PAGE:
Written by a student who spent time hiding in a closet hoping not to die. This was reposted by a teacher I respect.
“A year after I was assaulted by Mr. Cruz, I was assigned to tutor him through my school’s peer counseling program. Being a peer counselor was the first real responsibility I had ever had, my first glimpse of adulthood, and I took it very seriously.
Despite my discomfort, I sat down with him, alone. I was forced to endure his cursing me out and ogling my chest until the hourlong session ended. When I was done, I felt a surge of pride for having organized his binder and helped him with his homework.
Looking back, I am horrified. I now understand that I was left, unassisted, with a student who had a known history of rage and brutality.
Like many pre-teenage and teenage girls, I possessed — and still, to an extent, possess — a strong desire to please. I strive to win the praise of the adults in my life and long to be seen as mature beyond my years. I would have done almost anything to win the approval of my teachers.
This is not to say that children should reject their more socially awkward or isolated peers — not at all. As a former peer counselor and current teacher’s assistant, I strongly believe in and have seen the benefits of reaching out to those who need kindness most.
But students should not be expected to cure the ills of our genuinely troubled classmates, or even our friends, because we first and foremost go to school to learn. The implication that Mr. Cruz’s mental health problems could have been solved if only he had been loved more by his fellow students is both a gross misunderstanding of how these diseases work and a dangerous suggestion that puts children on the front line.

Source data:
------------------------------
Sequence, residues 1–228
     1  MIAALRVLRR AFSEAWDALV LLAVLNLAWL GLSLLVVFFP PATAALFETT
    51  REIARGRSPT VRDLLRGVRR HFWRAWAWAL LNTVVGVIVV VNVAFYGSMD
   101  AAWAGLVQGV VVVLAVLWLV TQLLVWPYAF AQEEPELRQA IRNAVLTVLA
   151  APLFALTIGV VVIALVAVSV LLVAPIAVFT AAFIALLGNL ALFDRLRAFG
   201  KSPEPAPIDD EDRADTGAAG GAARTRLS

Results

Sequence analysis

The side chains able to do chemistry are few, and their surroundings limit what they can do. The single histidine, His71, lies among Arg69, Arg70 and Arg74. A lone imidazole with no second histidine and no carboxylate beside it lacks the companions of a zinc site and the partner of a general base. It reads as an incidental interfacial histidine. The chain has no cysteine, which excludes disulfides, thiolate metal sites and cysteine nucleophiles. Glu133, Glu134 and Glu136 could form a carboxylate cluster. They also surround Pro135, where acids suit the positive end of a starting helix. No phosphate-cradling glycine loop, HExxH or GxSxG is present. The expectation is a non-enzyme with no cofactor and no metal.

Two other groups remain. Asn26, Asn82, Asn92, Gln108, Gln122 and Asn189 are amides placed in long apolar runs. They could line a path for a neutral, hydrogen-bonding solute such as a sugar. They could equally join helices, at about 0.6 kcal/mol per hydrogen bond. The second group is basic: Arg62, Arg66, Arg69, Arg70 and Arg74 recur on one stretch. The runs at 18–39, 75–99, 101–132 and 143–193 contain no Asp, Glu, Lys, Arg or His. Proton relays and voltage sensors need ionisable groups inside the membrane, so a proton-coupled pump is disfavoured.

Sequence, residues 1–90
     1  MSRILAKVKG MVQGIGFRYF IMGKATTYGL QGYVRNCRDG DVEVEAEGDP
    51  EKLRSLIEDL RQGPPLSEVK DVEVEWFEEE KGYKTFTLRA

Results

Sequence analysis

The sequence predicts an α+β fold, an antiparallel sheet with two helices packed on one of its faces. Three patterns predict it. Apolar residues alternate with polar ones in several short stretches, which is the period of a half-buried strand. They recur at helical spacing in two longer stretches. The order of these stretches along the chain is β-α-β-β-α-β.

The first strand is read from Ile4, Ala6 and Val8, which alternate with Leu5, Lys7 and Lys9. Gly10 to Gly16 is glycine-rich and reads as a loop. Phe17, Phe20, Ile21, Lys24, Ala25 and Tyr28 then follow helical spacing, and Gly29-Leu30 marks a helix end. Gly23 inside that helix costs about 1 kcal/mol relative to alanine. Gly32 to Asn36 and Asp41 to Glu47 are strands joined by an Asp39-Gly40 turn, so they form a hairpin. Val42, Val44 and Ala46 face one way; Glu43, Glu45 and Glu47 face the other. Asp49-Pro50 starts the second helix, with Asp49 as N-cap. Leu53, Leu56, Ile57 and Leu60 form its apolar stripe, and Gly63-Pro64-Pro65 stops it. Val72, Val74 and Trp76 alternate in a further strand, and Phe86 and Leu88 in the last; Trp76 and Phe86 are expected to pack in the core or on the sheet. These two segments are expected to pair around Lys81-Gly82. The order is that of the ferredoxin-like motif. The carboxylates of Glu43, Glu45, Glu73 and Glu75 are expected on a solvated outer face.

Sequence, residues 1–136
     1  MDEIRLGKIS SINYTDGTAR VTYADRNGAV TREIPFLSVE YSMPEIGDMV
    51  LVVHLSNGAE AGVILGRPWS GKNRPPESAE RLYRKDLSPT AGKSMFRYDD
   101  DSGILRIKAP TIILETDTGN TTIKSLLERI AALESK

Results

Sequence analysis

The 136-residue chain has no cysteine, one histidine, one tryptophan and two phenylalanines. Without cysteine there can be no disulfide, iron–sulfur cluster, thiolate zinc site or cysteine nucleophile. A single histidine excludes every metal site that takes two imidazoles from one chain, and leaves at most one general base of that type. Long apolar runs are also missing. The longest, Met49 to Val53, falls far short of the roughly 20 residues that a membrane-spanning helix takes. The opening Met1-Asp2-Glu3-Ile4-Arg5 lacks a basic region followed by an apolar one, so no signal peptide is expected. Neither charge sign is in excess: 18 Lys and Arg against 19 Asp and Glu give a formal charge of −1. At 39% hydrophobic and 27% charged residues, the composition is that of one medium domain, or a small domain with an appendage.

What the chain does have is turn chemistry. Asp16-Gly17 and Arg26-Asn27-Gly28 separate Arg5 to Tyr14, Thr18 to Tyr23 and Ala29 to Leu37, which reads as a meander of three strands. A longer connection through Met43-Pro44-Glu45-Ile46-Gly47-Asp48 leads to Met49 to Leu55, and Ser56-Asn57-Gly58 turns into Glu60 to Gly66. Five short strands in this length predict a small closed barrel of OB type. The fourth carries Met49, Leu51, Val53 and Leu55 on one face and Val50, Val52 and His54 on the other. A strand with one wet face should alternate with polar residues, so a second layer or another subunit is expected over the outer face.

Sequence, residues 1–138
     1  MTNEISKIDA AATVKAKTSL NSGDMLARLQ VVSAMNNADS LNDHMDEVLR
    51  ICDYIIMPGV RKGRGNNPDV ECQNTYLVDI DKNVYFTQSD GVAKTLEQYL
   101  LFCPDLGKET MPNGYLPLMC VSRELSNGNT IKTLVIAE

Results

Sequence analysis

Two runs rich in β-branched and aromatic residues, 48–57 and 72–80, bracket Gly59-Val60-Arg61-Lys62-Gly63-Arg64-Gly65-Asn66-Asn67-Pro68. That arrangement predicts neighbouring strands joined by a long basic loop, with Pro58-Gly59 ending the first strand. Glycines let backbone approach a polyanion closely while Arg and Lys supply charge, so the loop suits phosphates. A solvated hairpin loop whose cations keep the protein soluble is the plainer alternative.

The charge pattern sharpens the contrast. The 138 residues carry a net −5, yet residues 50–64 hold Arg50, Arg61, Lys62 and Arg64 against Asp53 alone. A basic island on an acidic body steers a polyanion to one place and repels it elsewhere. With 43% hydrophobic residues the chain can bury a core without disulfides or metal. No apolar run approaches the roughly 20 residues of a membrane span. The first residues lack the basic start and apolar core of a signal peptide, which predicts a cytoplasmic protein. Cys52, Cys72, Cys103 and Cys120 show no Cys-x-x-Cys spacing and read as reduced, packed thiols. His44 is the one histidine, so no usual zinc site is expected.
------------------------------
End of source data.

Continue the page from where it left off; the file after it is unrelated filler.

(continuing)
It is not the obligation of children to befriend classmates who have demonstrated aggressive, unpredictable or violent tendencies. It is the responsibility of the school administration and guidance department to seek out those students and get them the help that they need, even if it is extremely specialized attention that cannot be provided at the same institution.
No amount of kindness or compassion alone would have changed the person that Nikolas Cruz is and was, or the horrendous actions he perpetrated. That is a weak excuse for the failures of our school system, our government and our gun laws.”
This is how the system now works with evil young adults, puts our children in danger for the hope that they can be saved. Hides their evil, so they can buy guns.